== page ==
As an example, some of the discretizations are described below, optimizing the error or optimizing Fourier components, in the Finite Difference formulation and in the Finite Element formulation, on a rectilinear grid, but the scope of the invention is not limited to those. It should be equally understood that the invention can be used on grids which are normally encountered in industrial applications of numerical simulations. Such grids can be perfectly regular, or contain distortions, they can be static, moving, deforming or rotating. The invention applies to staggered and to non-staggered grids, single block or multi block, and any combination of the aforementioned characteristics.
A Simulation Method Using Continuous Directional Discretizations of Spatial p^{th }Derivatives, p≧1, in N Dimensions, N≧3 on Structured Grids.
The discretizations of the invention depend on the preferential direction. This means that the stencil for an approximation involves different sets of points. For one direction, one set of points is used in the approximation, while for another direction a different set is used. Examples are given further on.
It is important that the approximation D_{p} ^{A }depends continuously on the values u_{s}. In other words, the stencil should not change discontinuously for a small variation of the preferential direction. Continuity of the approximation is important for the convergence of the numerical method.
A Simulation Method Using Directional Discretizations of Spatial p^{th }Derivatives, p≧1, in N Dimensions, N≧3 On Structured Grids, Optimizing the Discretization Using a Local Basis.
The above derivatives can be optimized using a local basis. This means that a local basis B({right arrow over (e)}_{1}, {right arrow over (e)}_{2},{right arrow over (e)}_{3}, . . . ) of curvilinear coordinates is used which has the unit vector {right arrow over (e)}_{1 }along the preferential direction. In the approximated value D_{p} ^{A}, the computational functions are chosen in such a way that the contribution to the error ε_{n }of at least one pure or one mixed derivative as expressed in the local basis B is minimized, while using as a formulation of the values u_{s }of the parameter at each of the points of the stencil S, a truncated Taylor series expansion with respect to the point of computation P with an error, called the truncation error ε_{s}.
When the numerical tool needs to approximate a derivative which is related to the preferential direction {right arrow over (a)}, a local basis B is used which has a basis vector e_{1 }aligned with {right arrow over (a)} as indicated in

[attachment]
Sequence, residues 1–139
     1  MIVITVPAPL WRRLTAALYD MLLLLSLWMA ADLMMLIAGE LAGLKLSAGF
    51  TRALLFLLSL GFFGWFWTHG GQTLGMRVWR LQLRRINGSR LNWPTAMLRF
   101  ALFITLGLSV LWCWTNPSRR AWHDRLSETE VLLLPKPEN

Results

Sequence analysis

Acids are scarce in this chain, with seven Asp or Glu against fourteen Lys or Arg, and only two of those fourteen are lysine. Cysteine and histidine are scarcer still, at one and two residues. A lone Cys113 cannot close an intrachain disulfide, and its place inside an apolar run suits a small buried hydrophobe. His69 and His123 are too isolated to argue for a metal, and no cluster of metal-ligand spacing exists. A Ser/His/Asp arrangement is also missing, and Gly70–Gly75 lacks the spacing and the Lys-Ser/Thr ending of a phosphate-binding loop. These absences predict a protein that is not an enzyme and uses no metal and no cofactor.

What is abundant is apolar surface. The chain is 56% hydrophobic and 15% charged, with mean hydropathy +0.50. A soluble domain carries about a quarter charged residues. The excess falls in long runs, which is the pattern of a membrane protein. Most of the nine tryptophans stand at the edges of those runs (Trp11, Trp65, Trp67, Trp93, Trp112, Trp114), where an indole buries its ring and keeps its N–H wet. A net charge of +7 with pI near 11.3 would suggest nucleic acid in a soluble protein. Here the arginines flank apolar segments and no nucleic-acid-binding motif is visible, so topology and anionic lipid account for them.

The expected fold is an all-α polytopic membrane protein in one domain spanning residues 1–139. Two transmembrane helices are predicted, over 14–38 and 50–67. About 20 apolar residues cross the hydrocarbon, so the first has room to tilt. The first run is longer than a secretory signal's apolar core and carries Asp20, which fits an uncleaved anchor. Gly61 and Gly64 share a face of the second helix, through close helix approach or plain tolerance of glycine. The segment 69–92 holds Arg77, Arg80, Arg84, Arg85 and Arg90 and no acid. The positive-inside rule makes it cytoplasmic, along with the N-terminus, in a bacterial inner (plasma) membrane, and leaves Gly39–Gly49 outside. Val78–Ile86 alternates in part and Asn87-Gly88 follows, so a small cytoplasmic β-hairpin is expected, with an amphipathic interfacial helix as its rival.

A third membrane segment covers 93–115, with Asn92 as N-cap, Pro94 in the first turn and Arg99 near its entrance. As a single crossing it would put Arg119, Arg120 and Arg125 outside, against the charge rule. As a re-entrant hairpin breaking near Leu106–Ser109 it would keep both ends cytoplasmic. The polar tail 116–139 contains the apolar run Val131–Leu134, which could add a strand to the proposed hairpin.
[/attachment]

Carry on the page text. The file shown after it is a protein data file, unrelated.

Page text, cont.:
A Simulation Method Using Directional Discretizations with Finite Differences and a Local Basis.
The above directional discretizations can be used in the framework of Finite Differences, where the approximation D_{p} ^{A }is a linear combination D_{p} ^{LC }of the values of the parameter(s) u_{s }in a collection of grid points, called stencil S, with computational functions which are individual coefficients C_{s}=C_{l,m,n}. This means that
In the linear combination D_{p} ^{LC }the coefficients C_{s }are chosen in such a way that the contribution to the error ε_{n }of at least one pure or one mixed derivative as expressed in the local basis B is minimized.
A Simulation Method Using Directional Discretizations with Finite Volumes and a Local Basis.
The above directional discretizations can be used in the framework of Finite Volumes. This formulation is very closely related to Finite Differences, and is based on an integral formulation using computational functions f which are fluxes through a control volume. These fluxes are in turn a function of a number of the nodal unknowns, defining again a stencil. This in turn leads to an approximation which has similarities with the expression of equation 2. In the approximation D_{p} ^{A }the fluxes are chosen in such a way that the contribution to the error ε_{n }of at least one pure or one mixed derivative as expressed in the local basis B is minimized.
It should be understood that the invention applies to the cell-centered Finite Volume method as well as to the vertex-centered Finite Volume method.
A Simulation Method Using Directional Discretizations with Finite Elements and a Local Basis.
The above directional discretizations can be used in the framework of the Finite Element method, where the space is subdivided into elements, containing nodes at which the approximation of the physical parameter(s) u is stored. Basis computational functions A, called interpolation functions, are defined on the elements, which are used to approximate the physical value u on the element. The integral of the derivative is computed on the element, using a test computational function ψ, called weighting function. The approximated value D_{p} ^{A}=D_{p} ^{φ,ψ} is expressed in the nodal unknowns us at a collection of points, called stencil S. In the approximated value D_{p} ^{φ,ψ}, the combination of φ and ψ is then chosen in such a way that the contribution to the error ε_{n }of at least one pure or one mixed derivative as expressed in the local basis B is minimized.
A Simulation Method Using Directional Discretizations with the Residual Distribution Method and a Local Basis.
The above directional discretizations can be used in the framework of the Residual Distribution Method. This method shares with Finite Elements the representation of the unknowns u on the element, and with the Finite Volume method a volume over which the integral of the derivative is computed. The integral I_{el }of the derivative is split into parts α_{i}I_{el }which are distributed over the nodes i. The approximated value D_{p} ^{A}=D_{p} ^{α} ^{ i }is expressed in the nodal unknowns us at a collection of points, called stencil S. In the approximated value D_{p} ^{α} ^{ i }, the distribution computational coefficients α_{i }are then chosen in such a way that the contribution to the error ε_{n }of at least one pure or one mixed derivative as expressed in the local basis B is minimized.